I realized this morning that my youngest daughter has outdone me. I am a very personable fellow and I'm used to people liking me or even loving me and being kind to me. However, even though my youngest daughter says she loves me, she is the single most difficult person in my life.
We were doing great at her private school from age 7 to age 12. However, then she and her mother wanted her to go to a private Christian School and I said, "This isn't a good idea. They are going to discriminate against her because our beliefs aren't fundamentalist like people who go to a school like that. However, my wife and daughter outvoted me and because getting a divorce wasn't useful because my present youngest daughter wouldn't have a father to raise her just like my older daughter from my last marriage after she was about 5 years old either (even though I paid about $75,000) to try and get custody of my older daughter but wound up with joint legal custody but without primary physical custody. But, at least I had 9 weeks a year with my daughter to travel and ski with her and I had weekends whenever I could afford to drive that far (over 400 miles)(when she wasn't living 2000 miles away at first).
So, my younger daughter went one year to the Christian school and (Surprise!) EXACTLY what I predicted happened and my daughter suddenly was an a complete atheist or Agnostic. (She says atheist but I find mostly people who are really pissed off at Christians are Atheists in general. So, my thought is she is an agnostic because Atheists tend to have been screwed over by Christians more.
So, since she was 13 her comments towards me go something like this. "You're crazy because you believe in God! Put a Shirt on! Put your pants on! (when I'm walking around in shorts or underwear) or (Close the door to the Bathroom!) or You're crazy because you believe in God and all that crazy stuff! And surrounding herself with straight A students at her present (and different private school) who don't believe in God either but who are going to some of the best colleges and universities next year on the west coast of the U.S. in California, Oregon and Washington.
Lately, I said to her, "We cannot communicate!" and her response was, "We're communicating right now! and my response was: "We need to create rules of communication so you can survive the next year!" And her response was, "What are you talking about?" And then I said, "You need to know when to ask for help of all kinds. Your older brother didn't learn to ask for help even when he needed it until he was 25. That was awful!"
This was met by a dirty look from her.
This is kind of how her last week of finals before graduation has gone. Her mother has been kind of hysterical and difficult and I just have been trying to get through to my daughter because she doesn't seem to be being realistic in a useful way to me.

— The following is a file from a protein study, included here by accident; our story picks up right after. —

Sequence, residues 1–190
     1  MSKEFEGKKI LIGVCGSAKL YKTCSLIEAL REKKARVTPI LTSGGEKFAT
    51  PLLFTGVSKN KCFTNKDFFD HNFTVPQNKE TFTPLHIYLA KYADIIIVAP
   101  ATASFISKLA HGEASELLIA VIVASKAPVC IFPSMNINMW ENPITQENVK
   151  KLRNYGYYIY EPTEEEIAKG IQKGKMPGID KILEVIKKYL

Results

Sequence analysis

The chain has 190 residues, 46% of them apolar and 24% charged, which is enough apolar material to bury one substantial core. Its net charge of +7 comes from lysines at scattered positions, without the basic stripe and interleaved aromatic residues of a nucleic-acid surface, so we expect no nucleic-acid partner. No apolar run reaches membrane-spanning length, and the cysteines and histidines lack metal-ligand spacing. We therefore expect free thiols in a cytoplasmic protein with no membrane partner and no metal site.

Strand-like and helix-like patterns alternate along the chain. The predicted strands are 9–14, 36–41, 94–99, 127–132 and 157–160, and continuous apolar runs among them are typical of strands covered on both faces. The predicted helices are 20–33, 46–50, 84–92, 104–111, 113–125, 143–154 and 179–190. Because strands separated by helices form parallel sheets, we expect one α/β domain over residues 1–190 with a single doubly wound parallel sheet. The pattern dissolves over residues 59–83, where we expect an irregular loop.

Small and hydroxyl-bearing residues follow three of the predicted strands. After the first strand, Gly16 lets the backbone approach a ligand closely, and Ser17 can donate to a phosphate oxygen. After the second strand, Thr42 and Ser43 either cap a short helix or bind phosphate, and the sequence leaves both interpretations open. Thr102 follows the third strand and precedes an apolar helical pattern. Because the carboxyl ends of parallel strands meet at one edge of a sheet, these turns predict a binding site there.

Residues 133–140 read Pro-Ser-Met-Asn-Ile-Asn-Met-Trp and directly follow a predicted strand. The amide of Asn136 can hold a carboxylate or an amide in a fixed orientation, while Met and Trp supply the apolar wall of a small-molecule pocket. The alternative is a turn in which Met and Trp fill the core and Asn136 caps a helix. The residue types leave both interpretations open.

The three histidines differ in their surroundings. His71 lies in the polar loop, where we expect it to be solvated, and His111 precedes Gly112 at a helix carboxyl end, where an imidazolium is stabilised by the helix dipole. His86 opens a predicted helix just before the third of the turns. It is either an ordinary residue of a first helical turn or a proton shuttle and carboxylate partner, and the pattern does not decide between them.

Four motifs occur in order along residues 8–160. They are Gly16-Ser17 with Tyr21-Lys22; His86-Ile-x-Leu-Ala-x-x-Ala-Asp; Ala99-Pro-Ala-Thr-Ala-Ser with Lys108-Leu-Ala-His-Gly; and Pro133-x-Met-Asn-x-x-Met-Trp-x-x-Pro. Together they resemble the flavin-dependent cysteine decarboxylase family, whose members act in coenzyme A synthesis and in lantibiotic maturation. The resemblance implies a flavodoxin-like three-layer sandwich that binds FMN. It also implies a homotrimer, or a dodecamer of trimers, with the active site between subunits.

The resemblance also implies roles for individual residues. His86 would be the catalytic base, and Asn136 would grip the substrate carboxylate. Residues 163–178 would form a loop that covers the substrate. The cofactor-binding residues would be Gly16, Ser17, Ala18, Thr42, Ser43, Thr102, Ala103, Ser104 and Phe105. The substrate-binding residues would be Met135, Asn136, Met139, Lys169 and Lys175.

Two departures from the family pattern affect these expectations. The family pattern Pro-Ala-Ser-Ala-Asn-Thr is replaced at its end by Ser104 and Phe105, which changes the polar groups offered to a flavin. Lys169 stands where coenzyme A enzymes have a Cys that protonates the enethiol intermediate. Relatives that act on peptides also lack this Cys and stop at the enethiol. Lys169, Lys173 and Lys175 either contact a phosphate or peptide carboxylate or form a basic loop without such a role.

Of course, I'm 66 and she is 18. So, I realize she has a great deal to learn. However, I just want her to survive the next 5 years or so until she becomes adult enough to make it without many problems after that.
But, then there is the other side of this. My daughter is beautiful but doesn't think she is beautiful. She is dyslexic but also incredibly intelligent like her older brother. My mother and grandmother were dyslexic too and of all the females in my family, my youngest daughter has gone the furthest the fastest because of the best private schools in this county. However, she has so much attitude towards her mother and I it is kind of scary. Her point of view about the world I don't experience as being realistic. But then, how realistic were you and I at 18?
When I look back at my life I sometimes really wonder how I survived 18 to 26 when my son was born just after I go married. This was the first thing in my life that slowed me down and made me think about staying alive another day so my son could actually grow up.
So, even though women are entirely different than men I look at my daughter's privileged life with a new car we bought her last year and her going to one of the 7 colleges she was accepted to in California, Oregon and Washington and I realize there is no way at all that I can compare her life to mine or to my mother or grandmother who were dyslexic like her.
My youngest daughter has outdone me and all the female members of my family but most resembles the scholastic proficiency of her mother, my wife. My daughter has outdone me! And that's a good thing.
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